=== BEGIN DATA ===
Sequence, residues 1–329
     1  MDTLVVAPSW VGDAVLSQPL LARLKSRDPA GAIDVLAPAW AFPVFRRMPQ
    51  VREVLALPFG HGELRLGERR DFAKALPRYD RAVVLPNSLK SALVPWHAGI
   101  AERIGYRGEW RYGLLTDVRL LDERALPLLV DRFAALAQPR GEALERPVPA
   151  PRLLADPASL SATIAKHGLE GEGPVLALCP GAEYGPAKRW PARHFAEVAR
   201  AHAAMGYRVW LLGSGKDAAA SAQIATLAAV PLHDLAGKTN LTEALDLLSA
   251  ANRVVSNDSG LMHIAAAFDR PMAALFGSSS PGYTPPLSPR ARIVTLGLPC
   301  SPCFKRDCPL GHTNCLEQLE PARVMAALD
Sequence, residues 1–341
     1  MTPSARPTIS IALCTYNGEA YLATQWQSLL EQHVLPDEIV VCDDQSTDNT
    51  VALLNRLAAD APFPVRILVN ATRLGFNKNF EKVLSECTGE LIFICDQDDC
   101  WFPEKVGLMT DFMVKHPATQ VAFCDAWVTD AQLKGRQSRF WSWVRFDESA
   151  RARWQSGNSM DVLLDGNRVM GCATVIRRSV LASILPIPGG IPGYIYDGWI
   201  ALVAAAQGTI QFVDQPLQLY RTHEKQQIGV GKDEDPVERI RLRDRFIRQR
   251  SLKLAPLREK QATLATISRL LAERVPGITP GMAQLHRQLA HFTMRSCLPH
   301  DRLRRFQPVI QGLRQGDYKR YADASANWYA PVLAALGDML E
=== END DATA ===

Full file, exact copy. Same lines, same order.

Sequence, residues 1–329
     1  MDTLVVAPSW VGDAVLSQPL LARLKSRDPA GAIDVLAPAW AFPVFRRMPQ
    51  VREVLALPFG HGELRLGERR DFAKALPRYD RAVVLPNSLK SALVPWHAGI
   101  AERIGYRGEW RYGLLTDVRL LDERALPLLV DRFAALAQPR GEALERPVPA
   151  PRLLADPASL SATIAKHGLE GEGPVLALCP GAEYGPAKRW PARHFAEVAR
   201  AHAAMGYRVW LLGSGKDAAA SAQIATLAAV PLHDLAGKTN LTEALDLLSA
   251  ANRVVSNDSG LMHIAAAFDR PMAALFGSSS PGYTPPLSPR ARIVTLGLPC
   301  SPCFKRDCPL GHTNCLEQLE PARVMAALD
Sequence, residues 1–341
     1  MTPSARPTIS IALCTYNGEA YLATQWQSLL EQHVLPDEIV VCDDQSTDNT
    51  VALLNRLAAD APFPVRILVN ATRLGFNKNF EKVLSECTGE LIFICDQDDC
   101  WFPEKVGLMT DFMVKHPATQ VAFCDAWVTD AQLKGRQSRF WSWVRFDESA
   151  RARWQSGNSM DVLLDGNRVM GCATVIRRSV LASILPIPGG IPGYIYDGWI
   201  ALVAAAQGTI QFVDQPLQLY RTHEKQQIGV GKDEDPVERI RLRDRFIRQR
   251  SLKLAPLREK QATLATISRL LAERVPGITP GMAQLHRQLA HFTMRSCLPH
   301  DRLRRFQPVI QGLRQGDYKR YADASANWYA PVLAALGDML E